It’s easy to forget how inventive the first Scream was, especially after all the weak-tea imitations that subsequently copied it.  It took the dimwitted slasher subgenre of horror and reinvented it with knowing humor and conceptual ambition.  The fact that it pulled off a seemingly impossible tightrope act – i.e.,  participating in the slasher subgenre while skewering all its conceits – was impressive enough to make fans hopeful that it would move on to even more advanced meta-storytelling conceits in the inevitable sequel.  After all, Kevin Williamson already had a sequel mapped out when he wrote the first Scream, right?

Unfortunately, Scream 2 turned out to be as lame as any other rushed-into-production sequel.  The best part of it is a witty prologue in which two African-American filmgoers – played well by Omar Epps and Jada Pinkett – attend a screening of Stab, a film-within-a-film based upon the events depicted in the first Scream.  After discussing the merits of horror films and how rarely black cast members survive in them, the two are bumped off by Ghostface in a theater packed with fans in Ghostface masks.

And sadly, that’s where the inventiveness ends.  The story picks up with Sidney (Neve Campbell) trying to go on with her life by attending college.  When word of the killings in the opening scene reaches the campus, all eyes are on her.  Nice guy boyfriend Derek (Jerry O’Connell) tries to reassure her as does Dewey (David Arquette), who comes up from Woodsboro to keep an eye on her.  Of course, Gale Weathers (Courteney Cox) – who has written a hit book about the Woodsboro murders – also pops up to reunite her with the man she wrongly accused for her mother’s murder, Cotton Weary (Liev Schreiber). Pretty soon, Ghostface is hacking his way through Sidney’s classmates as Sidney and her crew struggle to figure out who is behind the mask.

The finished film often seems tired and confused.  In fairness to Williamson and director Wes Craven, Dimension had them working up this sequel within six months of the first film’s release.  Even worse, it supposedly had to be rewritten as shooting began when an early draft of the script was leaked onto the internet.  As a result, Scream 2 feels like a rushed first draft was shot before any revisions could be done and overflows with loose ends: any discussion of the Stab film is dropped after the opening scene, there’s a subplot about Sidney being courted to join a sorority that never pays off, a motive is set up for the killer that is abandoned shortly after it is explained, etc.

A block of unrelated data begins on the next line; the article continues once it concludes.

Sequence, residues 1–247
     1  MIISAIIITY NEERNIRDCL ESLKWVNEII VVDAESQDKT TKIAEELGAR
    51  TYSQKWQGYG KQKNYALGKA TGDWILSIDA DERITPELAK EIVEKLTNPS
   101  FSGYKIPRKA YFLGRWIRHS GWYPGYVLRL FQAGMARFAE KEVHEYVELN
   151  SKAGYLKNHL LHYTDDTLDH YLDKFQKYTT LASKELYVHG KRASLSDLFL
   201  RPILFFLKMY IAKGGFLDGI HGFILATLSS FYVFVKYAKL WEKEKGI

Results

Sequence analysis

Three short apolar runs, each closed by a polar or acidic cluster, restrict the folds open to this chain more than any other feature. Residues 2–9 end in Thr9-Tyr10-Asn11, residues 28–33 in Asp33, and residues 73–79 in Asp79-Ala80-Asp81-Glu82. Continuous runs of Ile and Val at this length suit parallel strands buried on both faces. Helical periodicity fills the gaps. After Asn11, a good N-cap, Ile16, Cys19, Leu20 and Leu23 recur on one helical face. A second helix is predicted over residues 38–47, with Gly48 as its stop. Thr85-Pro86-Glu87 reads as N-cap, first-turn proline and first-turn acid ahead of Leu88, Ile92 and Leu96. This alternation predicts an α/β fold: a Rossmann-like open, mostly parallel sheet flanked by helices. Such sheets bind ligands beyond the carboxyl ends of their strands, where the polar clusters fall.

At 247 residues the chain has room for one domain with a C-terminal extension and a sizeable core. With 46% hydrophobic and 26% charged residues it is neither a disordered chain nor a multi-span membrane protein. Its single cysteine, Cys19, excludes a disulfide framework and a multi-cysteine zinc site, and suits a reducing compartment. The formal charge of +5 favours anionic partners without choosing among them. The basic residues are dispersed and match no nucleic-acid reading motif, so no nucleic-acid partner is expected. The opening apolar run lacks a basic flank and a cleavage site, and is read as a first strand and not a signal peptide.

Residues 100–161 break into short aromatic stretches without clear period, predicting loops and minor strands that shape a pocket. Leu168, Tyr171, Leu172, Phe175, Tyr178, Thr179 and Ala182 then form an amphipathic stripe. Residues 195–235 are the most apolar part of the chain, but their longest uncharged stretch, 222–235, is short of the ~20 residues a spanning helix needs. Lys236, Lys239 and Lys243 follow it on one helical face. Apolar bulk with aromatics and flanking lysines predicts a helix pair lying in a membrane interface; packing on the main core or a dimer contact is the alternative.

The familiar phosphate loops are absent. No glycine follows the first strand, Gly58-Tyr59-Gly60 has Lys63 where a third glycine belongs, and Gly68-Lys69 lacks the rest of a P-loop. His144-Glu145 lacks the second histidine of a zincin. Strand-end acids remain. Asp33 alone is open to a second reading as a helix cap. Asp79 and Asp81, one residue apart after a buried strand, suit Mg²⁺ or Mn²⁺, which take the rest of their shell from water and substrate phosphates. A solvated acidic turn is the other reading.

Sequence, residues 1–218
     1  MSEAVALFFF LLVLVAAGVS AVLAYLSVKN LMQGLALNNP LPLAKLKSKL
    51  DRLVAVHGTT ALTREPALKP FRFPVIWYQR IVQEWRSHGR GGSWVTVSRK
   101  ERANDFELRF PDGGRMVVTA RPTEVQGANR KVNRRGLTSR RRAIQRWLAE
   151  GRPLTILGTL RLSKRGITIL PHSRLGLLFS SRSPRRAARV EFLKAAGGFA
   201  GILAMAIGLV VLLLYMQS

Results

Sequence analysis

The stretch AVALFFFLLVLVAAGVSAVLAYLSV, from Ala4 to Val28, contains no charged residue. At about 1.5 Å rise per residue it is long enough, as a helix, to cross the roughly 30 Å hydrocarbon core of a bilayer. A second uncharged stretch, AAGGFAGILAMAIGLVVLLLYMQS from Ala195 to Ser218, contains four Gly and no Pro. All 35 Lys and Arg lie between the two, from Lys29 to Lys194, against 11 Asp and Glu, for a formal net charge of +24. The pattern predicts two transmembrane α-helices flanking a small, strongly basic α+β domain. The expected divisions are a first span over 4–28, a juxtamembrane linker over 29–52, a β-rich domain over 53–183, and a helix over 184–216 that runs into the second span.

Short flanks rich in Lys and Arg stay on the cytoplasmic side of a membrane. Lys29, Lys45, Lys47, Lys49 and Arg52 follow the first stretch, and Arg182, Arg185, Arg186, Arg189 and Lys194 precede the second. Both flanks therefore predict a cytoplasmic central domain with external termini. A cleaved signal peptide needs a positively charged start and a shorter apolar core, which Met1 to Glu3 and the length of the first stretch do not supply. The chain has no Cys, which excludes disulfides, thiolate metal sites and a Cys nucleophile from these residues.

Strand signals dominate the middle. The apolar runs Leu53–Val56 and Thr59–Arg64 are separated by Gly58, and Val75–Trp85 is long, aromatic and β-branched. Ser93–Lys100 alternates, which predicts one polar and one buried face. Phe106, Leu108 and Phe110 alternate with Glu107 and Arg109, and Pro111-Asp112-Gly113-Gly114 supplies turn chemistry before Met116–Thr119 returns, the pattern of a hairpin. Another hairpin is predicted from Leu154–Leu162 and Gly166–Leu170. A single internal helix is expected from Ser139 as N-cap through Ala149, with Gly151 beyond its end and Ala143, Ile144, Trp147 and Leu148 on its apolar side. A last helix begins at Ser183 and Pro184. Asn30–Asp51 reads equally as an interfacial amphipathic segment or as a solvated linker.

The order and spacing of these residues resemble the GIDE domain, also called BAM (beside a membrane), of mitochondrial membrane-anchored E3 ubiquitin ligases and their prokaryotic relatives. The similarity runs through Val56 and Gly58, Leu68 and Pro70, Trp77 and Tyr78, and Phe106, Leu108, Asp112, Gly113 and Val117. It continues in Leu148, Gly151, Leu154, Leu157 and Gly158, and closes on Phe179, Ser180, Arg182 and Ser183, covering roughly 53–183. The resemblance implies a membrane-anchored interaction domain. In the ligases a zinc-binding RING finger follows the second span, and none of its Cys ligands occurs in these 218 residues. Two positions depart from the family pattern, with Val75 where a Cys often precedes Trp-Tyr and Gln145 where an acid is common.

However, the problems with Scream 2 extend beyond its rushed-through-production status.  After about a half hour, it gets bogged down in mystery-style plotting that causes the film to abandon the genre-bending playfulness of the first entry.  It also misses out its chances to exploit the film-within-a-film conceit of Stab: it’s disappointing that they missed the meta-opportunity of having life imitating art imitating life.  The story completely devolves in the third act, where it is content to run through common third-act cliches – the talking killer, the killer ignoring multiple chances to kill the hero, the killer that won’t die – instead of trying to reinvent or challenge them.

There’s also a scene where O’Connell shows his love for Campbell by serenading her in the cafeteria with a painful rendition of “I Think I Love You.”  It’s an early example of a scene that would soon become a staple in romantic comedies and is all the more depressing because it appears in a movie that should be scaring us.  O’Connell, Williamson and Craven all deserved to be slapped simultaneously, Three Stooges-style, for allowing this odious scene to occur.

As for the filmmaking, it’s competent and nothing more.  Craven seems to be in the same let-it-ride, take-the-paycheck mode that defined his work on Deadly Friend.  Campbell, Cox, et. al earn their paychecks but have little to work with beyond recycled character beats.  New cast members like Sarah Michelle Gellar and David Warner are wasted in bit roles.  The one real flash of inspiration in the acting department comes from David Arquette as Dewey: he brings an unexpected gravitas to his character in his early scenes and is the only member of the returning cast who acts like he’s survived a tragedy.  Also worthy of note is Schreiber as Cotton Weary, who makes his character both menacing and sympathetic at once.

Ultimately, Scream 2 is a pale shadow of the original.  It could have been the ultimate sendup of horror sequels but instead settled for imitating the kind of tropes it should have satirized.